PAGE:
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Differences in muscle satellite cell dynamics during muscle hypertrophy and regeneration


Skeletal muscle homeostasis and function are ensured by orchestrated cellular interactions among several types of cells. A noticeable aspect of skeletal muscle biology is the drastic cell–cell communication changes that occur in multiple scenarios. The process of recovering from an injury, which is known as regeneration, has been relatively well investigated. However, the cellular interplay that occurs in response to mechanical loading, such as during resistance training, is poorly understood compared to regeneration. During muscle regeneration, muscle satellite cells (MuSCs) rebuild multinuclear myofibers through a stepwise process of proliferation, differentiation, fusion, and maturation, whereas during mechanical loading-dependent muscle hypertrophy, MuSCs do not undergo such stepwise processes (except in rare injuries) because the nuclei of MuSCs become directly incorporated into the mature myonuclei. In this review, six specific examples of such differences in MuSC dynamics between regeneration and hypertrophy processes are discussed.


Skeletal muscle is a dynamic tissue that presents excellent regenerative ability and plasticity in response to external and internal changes, and both processes rely on myogenic-committed cells that reside in skeletal muscle, which are known as muscle satellite cells (MuSCs) [1,2,3,4]. MuSCs remain in a quiescent state under steady conditions [5] but start proliferating in response to damage or skeletal muscle loading. MuSC behavior is affected by multiple cell types, including myofibers, immune cells, and interstitial cells, including endothelial cells and mesenchymal progenitors (FAPs: fibro/adipogenic progenitors) (Figs. 1 and 2) [6,7,8,9,10,11]. Compared to the process of muscle regeneration, the mechanism regulating MuSC dynamics under muscle loading (such as a resistance training) has not been well investigated. However, recent studies have analyzed the mechanisms underlying MuSC proliferation and cell–cell communication in loaded muscles [9, 10, 12, 13]. We briefly summarize the process of muscle regeneration and load-dependent muscle hypertrophy according to key factors underlying MuSC behaviors and discuss six differences in MuSC dynamics and cell–cell interactions between the regeneration and hypertrophy processes.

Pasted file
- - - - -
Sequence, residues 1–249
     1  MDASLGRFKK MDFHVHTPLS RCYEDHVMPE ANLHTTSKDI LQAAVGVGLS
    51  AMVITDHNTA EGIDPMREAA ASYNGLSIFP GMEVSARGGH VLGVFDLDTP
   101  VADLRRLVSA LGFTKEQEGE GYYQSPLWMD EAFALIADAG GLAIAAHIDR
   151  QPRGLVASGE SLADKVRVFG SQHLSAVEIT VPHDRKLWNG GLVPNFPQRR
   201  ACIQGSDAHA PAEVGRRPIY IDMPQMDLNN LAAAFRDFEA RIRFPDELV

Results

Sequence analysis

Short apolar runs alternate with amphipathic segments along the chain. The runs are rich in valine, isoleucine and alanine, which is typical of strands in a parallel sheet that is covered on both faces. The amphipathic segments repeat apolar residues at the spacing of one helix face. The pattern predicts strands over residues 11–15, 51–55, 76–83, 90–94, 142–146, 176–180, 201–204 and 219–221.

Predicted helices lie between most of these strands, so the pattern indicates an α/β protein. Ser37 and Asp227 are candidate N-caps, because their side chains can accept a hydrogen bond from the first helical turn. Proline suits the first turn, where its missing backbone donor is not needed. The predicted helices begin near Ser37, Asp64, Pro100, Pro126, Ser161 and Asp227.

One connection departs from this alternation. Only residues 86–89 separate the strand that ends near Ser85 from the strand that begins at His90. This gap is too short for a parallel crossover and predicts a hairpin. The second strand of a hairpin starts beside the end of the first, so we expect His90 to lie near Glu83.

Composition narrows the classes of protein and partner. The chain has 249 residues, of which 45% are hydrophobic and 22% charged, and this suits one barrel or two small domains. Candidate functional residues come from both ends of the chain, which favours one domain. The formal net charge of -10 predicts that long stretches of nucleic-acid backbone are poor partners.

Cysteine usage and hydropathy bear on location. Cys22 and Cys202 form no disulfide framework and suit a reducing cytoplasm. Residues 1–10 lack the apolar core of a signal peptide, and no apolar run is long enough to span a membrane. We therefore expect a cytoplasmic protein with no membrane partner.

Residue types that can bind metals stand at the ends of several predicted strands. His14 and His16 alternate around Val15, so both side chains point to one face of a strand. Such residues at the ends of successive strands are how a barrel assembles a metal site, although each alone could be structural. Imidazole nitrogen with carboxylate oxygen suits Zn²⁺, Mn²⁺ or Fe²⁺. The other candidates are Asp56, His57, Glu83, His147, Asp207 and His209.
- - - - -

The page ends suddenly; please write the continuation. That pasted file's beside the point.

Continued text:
Fig. 1
figure 1

Process of skeletal muscle regeneration. When myofibers are damaged or dead, their debris is removed by inflammatory macrophages (M1 Mø). Using spaces and factors derived from macrophages and mesenchymal progenitors (FAPs), muscle satellite cells (MuSCs) actively proliferate (early stage). In the middle stage of regeneration, anti-inflammatory macrophages (M2 Mø) support the regulation of myogenic differentiation and nascent myofibers (myotubes), which grow to mature myofibers (late stage)

Fig. 2
figure 2

Process of mechanical-loaded muscle hypertrophy. In unloaded muscles, Yap/Taz is distributed in the cytoplasm of mesenchymal progenitors. Mechanical loading induces nuclear localization of Yap/Taz in mesenchymal progenitors, and MuSCs subsequently proliferate beneath the basal lamina by the mesenchymal progenitor-derived factor thrombospondin-1 (Thbs1). Proliferated MuSCs fuse with myofibers, which leads to an increased number of myonuclei. Notably, the new myonuclei are located in the peripheral position of myofibers

Muscle regeneration